Sources call for an expansion of state and federal tax credits, payday lenders plan to withstand new regulations while religious groups unite against these lenders, and how technology and policy can improve financial security.
- Expanding the EITC to include workers without children would help level the playing field for young people in the labor force.
- Scholars from the Urban Institute argue that financial security and longevity are linked, so policies should be created to encourage asset development.
- Despite new regulations for payday lenders, larger branches in the industry plan to withstand the regulations and keep a controversial loan, one that has an annualized interest rate of 390 percent or more. Christian groups across the political spectrum are uniting together against these payday lenders.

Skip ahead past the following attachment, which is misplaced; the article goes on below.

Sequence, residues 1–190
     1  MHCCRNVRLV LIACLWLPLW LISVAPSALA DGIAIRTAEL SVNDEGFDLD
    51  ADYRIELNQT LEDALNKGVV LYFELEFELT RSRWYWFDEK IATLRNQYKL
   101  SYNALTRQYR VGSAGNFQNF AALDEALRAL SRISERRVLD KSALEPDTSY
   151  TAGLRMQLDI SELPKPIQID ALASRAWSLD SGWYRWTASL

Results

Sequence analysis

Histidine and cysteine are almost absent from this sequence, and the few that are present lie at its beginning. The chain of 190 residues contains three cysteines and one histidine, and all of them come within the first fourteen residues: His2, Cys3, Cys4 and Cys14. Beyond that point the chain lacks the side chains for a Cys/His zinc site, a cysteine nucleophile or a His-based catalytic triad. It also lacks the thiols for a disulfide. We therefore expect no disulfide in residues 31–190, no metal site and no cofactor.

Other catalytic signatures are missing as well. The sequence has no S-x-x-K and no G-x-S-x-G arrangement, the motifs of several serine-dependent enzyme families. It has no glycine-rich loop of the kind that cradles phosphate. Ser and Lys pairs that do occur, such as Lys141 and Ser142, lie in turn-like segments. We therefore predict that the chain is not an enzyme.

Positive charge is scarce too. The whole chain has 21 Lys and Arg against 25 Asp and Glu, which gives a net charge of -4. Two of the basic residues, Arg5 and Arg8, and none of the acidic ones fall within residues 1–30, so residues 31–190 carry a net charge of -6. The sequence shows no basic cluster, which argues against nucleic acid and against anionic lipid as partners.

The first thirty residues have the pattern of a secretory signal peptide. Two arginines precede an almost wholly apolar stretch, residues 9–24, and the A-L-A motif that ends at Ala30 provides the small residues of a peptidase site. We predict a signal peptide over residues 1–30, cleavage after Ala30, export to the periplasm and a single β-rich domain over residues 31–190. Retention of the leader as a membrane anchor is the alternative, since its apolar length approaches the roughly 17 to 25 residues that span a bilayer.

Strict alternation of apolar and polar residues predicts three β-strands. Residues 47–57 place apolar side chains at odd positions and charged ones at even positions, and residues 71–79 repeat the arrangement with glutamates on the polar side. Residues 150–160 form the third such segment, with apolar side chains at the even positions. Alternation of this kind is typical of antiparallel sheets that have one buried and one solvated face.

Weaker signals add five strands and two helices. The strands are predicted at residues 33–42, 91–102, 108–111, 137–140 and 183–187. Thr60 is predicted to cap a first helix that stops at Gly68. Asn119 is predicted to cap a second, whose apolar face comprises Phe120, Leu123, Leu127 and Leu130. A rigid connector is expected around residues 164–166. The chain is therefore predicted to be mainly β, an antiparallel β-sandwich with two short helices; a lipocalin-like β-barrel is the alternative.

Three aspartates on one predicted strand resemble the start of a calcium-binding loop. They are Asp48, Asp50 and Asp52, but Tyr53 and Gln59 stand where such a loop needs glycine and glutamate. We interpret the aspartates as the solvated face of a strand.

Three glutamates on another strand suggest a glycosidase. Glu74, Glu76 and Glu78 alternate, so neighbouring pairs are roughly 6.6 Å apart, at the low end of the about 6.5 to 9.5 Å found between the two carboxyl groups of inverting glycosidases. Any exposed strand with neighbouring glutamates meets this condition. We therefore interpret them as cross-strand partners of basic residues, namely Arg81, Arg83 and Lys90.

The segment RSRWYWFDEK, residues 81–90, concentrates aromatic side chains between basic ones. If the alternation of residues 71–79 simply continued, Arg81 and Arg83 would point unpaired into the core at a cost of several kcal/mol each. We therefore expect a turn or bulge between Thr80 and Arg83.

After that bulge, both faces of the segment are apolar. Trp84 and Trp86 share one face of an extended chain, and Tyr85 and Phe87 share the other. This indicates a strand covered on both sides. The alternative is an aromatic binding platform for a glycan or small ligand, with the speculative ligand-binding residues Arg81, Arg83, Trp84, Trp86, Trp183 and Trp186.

- In New York City, Espaillat is proposing an expansion of the federal Child and Dependent Care Tax Credit to address the city’s affordability crisis.
- In New Jersey, senators announced a bipartisan agreement to fund a Transportation Trust Fund and a series of tax reforms, including raising the state EITC from 30 percent to 35 percent of the federal credit.
- Financial inclusion is increasing in the United States. New technologies may help this expansion, providing greater access to affordable and safe financial services for American families.